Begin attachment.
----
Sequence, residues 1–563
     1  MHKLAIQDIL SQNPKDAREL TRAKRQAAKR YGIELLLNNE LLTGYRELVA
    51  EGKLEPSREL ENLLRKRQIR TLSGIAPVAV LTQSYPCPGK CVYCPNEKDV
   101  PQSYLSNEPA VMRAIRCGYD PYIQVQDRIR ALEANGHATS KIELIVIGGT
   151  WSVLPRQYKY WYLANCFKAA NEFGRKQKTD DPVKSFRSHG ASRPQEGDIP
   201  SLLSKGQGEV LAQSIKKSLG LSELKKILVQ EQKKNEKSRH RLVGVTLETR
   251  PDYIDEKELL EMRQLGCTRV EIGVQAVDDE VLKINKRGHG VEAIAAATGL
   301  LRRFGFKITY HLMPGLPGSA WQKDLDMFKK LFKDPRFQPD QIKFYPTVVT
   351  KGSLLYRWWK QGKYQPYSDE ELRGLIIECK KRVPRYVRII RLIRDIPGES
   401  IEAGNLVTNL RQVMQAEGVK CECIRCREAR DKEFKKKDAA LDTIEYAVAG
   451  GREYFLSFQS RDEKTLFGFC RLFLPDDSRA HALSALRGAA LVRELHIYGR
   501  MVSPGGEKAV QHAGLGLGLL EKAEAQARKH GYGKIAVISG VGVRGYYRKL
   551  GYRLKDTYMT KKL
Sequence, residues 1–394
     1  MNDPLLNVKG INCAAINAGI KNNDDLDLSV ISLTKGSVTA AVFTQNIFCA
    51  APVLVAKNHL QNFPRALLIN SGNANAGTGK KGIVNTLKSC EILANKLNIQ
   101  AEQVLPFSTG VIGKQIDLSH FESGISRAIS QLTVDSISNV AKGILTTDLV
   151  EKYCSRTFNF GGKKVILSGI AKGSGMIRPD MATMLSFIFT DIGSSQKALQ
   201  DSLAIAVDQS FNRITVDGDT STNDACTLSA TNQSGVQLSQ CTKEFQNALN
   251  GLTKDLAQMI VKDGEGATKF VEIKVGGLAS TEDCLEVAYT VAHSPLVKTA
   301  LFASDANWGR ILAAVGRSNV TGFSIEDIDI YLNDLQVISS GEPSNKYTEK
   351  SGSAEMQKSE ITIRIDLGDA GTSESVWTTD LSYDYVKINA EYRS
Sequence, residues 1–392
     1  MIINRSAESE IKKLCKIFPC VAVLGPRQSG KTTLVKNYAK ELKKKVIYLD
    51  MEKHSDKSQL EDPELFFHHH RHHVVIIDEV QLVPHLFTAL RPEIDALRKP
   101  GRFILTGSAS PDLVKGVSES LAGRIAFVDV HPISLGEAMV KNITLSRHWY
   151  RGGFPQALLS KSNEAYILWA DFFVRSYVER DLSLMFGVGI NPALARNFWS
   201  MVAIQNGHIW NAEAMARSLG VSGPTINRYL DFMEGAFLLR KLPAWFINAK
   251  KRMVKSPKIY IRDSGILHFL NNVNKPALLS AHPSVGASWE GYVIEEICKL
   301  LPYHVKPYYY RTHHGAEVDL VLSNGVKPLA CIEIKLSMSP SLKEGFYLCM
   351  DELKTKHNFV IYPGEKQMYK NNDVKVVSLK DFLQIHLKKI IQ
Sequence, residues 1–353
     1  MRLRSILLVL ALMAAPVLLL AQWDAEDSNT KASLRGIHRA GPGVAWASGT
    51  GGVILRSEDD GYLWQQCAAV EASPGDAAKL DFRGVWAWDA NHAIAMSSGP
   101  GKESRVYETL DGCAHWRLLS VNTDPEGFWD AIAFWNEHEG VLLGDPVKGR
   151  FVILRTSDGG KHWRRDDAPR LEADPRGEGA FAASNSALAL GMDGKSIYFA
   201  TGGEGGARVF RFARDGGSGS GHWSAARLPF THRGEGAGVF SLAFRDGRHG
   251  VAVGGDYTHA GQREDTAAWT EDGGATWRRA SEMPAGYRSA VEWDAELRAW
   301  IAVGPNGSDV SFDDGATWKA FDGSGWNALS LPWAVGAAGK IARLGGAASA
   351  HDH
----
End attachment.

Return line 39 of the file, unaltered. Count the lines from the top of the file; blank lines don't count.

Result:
   301  IAVGPNGSDV SFDDGATWKA FDGSGWNALS LPWAVGAAGK IARLGGAASA